The single apostrophe in The Waste Land that seems to be an uncomplicated representation of voice, the one in part 3 beginning “O City city,” is only slightly less thoroughly undercut than the other apostrophes because it is longer than they are and appears to contain no citations. It is, in fact, relatively short, only seven lines, and the figuring of the City as a human presence occurs amidst many countering elements in the poem. The citation about music from The Tempest that precedes the apostrophe and the highly allusive singing and speaking of the Thames-daughters that follow it provide a context of writing that modifies the vocal effect. The notes also work to undercut the relief suggested in these positive-sounding lines, since the note for line 264 indicates that the Church of Magnus Martyr was likely to be demolished, fated to be defaced and disfigured like much of the rest of the City. As a space, the cavernous interior of the church, its “Inexplicable splendour of Ionian white and gold” (3.265), is more than matched by the “decayed hole” of part 5; its mouthlike space, filled with “white and gold,” is placed within the context of various ruined mouths mentioned before and after it.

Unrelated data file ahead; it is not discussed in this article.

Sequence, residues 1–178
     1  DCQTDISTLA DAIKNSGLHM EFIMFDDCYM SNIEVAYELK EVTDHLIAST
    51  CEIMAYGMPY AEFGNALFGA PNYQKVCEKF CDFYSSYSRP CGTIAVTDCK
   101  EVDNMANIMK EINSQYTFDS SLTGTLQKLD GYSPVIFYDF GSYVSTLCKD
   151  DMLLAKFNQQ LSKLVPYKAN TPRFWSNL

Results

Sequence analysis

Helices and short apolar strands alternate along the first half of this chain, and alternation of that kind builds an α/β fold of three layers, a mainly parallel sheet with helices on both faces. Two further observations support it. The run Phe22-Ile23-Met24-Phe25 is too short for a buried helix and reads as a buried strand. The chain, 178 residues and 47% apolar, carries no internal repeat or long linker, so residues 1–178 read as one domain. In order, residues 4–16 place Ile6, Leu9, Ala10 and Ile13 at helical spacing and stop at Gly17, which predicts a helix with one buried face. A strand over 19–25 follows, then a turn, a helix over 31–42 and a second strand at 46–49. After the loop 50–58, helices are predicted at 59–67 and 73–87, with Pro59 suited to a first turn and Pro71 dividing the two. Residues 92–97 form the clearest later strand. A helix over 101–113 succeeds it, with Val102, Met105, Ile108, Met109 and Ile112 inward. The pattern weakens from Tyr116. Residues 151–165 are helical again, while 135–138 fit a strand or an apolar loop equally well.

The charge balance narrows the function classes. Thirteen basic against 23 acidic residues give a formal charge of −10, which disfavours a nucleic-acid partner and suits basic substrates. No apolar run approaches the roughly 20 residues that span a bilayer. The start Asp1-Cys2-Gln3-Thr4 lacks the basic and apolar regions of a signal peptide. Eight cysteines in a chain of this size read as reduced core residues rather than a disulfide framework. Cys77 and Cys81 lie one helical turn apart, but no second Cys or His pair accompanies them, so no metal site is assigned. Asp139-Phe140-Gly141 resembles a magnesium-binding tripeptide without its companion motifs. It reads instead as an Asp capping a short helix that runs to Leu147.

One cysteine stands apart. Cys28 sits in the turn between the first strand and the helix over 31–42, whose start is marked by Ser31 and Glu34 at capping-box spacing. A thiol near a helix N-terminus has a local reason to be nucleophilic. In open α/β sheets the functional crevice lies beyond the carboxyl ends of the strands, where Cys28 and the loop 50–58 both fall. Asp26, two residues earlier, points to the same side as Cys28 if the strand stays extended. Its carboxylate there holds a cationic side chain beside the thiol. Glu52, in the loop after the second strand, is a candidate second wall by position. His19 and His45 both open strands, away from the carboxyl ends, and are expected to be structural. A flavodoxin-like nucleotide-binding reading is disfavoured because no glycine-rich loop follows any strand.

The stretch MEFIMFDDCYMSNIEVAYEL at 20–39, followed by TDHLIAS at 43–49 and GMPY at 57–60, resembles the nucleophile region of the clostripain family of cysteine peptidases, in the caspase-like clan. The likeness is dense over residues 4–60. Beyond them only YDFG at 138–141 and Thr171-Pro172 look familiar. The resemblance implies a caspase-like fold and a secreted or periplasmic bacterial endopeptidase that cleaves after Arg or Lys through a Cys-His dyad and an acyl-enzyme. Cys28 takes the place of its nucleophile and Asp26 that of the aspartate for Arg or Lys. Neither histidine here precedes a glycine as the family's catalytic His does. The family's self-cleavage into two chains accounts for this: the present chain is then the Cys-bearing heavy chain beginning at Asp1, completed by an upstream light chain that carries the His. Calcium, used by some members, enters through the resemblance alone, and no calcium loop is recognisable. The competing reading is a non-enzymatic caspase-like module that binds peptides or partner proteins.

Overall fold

Because of its quoted, repeated, and ritualized character, like some of the language of Ash-Wednesday, the apostrophe to the “Lord” at the conclusion of part 3 creates the impression of group rather than individual utterance. But even that impression is complicated by a truncation that, like the fragmentation of prayer at the end of “The Hollow Men,” disrupts the continuities of self and voice. At the end of part 4, the presenting of Phlebas’s fate as an exemplum includes a vocative “O you,” but this apostrophe asks the listener, a general one rather than an individual, to recognize the fact that everyone who lives will die, in effect, that the fate of everyone is the loss of life and of voice that Phlebas has suffered. “O swallow swallow” at the poem’s end works a similar reversal of apostrophe’s calling up something living and capable of speech, since, as the note indicates, it alludes to tongueless Philomela’s story. The apostrophe is also linked to the allusion to mute Hieronymo, because his line includes a “you” that completes the pattern of “Oh” followed by “you” begun at the end of part 1 and repeated by “O Lord Thou” and “O you” in the conclusions of parts 3 and 4. By the poem’s end, apostrophe functions to call up not voice but other texts, other parts of this text, and the physical, though tongueless, production of sounds. In part 5, by means of rhyme and other repetitions of sound, “O” is taken up into a mad, tongueless artist’s name, “Hieronymo,” into the reiterated no’s of the second, third, and sixth stanzas (six occurrences), into the repeated word “only” (seven occurrences), and into the onomatopoeic rendering of a bird’s call, not the Romantic nightingale’s or even the thrush’s but the homely, nonvocal rooster’s: “Co co rico co co rico.”